I Am Sorry, LB
Fifteen years ago this month, there was an “incident” at work. I was managing a couple of development teams at a large consulting firm. One of my direct reports was a gentleman who was 25+ years my senior. He had been working at the company since before I learned how to ride a bike. We had scheduled a deployment for the week between Christmas and New Year’s Day. While it sounds like a strange week to do a deployment, it was for good reason. Our company was going through a name change on January 1st, and our systems needed to be updated to reflect the new name prior to that date, just not “too prior,” if you know what I mean.
My aforementioned direct report was in charge of one of the applications targeted for deployment. There were no enhancements, no bugs to fix. It was simply a “search and replace” exercise. He needed to find instances of the old name—old acronyms, old abbreviations, etc.—and update them to reflect the new name. While it was simple enough, it was laborious nonetheless. Well, he failed to do his part, he got it wrong. I didn’t take kindly to the net effect, the effect being that I and others were going to have to work even more hours during the holiday week to clean up his mess. You see, while it was a simple fix, there were hundreds of locations—lines of code, screens, etc.—that had to be examined to ensure that everything had been updated. It was, to say the least, time consuming.
At 30 years of age, toting a great deal more energy and a significantly smaller filter, I told him how I saw it, this man nearly twice my age. Truthfully, energetically and emphatically. What happened next was not expected. He wept a great deal and he wept for a long time. And when his head arose, he told me that I was a bully. And that I was “just like the rest of the bullies.” A few weeks later, he resigned with a negotiated severance.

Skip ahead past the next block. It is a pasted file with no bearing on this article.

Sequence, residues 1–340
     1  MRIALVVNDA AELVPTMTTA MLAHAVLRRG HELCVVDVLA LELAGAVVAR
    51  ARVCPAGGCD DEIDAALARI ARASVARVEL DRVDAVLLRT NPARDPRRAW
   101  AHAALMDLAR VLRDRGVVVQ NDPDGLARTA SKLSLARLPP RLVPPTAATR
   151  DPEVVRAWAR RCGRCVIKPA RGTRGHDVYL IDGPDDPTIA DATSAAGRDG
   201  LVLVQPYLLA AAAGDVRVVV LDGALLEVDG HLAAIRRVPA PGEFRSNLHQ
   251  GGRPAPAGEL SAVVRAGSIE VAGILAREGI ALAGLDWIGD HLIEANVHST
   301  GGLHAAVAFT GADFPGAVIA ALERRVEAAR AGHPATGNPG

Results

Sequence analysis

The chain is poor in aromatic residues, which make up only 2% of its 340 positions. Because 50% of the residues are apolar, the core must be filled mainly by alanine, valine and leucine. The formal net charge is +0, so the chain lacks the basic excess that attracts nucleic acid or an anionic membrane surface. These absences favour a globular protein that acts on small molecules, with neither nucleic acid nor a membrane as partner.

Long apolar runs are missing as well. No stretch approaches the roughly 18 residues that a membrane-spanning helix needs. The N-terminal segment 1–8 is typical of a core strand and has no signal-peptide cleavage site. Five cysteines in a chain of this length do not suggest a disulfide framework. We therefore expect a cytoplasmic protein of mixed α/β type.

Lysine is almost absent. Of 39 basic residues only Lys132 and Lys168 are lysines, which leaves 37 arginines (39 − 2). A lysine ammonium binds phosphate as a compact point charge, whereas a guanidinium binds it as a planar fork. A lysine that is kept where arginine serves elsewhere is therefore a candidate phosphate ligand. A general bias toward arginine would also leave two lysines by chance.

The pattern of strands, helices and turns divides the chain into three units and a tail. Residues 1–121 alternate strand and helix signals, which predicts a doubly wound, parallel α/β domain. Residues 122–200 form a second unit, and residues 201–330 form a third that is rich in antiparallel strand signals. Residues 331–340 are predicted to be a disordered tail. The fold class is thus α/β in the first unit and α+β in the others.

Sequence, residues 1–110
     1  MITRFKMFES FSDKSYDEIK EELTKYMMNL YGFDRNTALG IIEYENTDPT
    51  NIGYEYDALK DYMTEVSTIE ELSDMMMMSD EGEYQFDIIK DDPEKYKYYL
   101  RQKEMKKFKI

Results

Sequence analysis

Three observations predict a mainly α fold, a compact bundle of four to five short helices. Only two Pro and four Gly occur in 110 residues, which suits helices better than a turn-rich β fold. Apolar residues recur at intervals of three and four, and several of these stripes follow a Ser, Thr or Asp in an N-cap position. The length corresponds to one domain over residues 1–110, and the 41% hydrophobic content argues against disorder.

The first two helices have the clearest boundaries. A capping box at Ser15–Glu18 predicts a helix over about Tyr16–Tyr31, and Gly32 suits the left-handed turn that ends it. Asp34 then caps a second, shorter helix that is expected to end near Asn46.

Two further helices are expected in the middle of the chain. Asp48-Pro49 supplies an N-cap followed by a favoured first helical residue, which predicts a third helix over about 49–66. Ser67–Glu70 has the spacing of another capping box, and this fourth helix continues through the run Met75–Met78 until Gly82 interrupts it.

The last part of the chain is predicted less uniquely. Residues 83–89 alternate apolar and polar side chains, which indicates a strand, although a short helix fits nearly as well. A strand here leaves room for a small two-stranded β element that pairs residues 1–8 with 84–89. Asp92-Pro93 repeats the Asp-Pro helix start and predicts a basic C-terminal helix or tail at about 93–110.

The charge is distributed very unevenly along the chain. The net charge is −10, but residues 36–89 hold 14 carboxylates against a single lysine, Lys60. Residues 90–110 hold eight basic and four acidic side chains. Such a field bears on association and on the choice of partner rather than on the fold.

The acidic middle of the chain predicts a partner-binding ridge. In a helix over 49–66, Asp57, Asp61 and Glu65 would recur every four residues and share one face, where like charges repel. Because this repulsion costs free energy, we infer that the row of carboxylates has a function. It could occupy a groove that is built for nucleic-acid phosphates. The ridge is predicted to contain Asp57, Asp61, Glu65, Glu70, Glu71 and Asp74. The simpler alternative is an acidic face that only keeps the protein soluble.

For the past fifteen years, I thought it was simple—I was right, he was wrong. In reality, I had half of it right. I was right. But now I also know that he was, too. I was being a bully. All my life, I have stood (and will continue to stand) behind words like integrity, quality, courage and communication, and I know I walk the walk. But maybe, just maybe, a bit of sensitivity might have helped. And when I reflect, as I often do this time of year, on the eleven years since I started Kenway Consulting, I am extremely proud of the integrity, quality, courage and communication that Kenway and I have displayed. But maybe, just maybe, a greater focus on sensitivity and empathy for the roles and views of others should have been emphasized.
Yesterday, a colleague of mine suggested I learn to “live in the grey” a bit more. Message heard. To everyone I’ve negatively impacted with my direct approach, I apologize. I have no regrets about what I said, but I have many regrets about how I said it. I will do better. I promise.
Happy Holidays and a Happy New Year to All!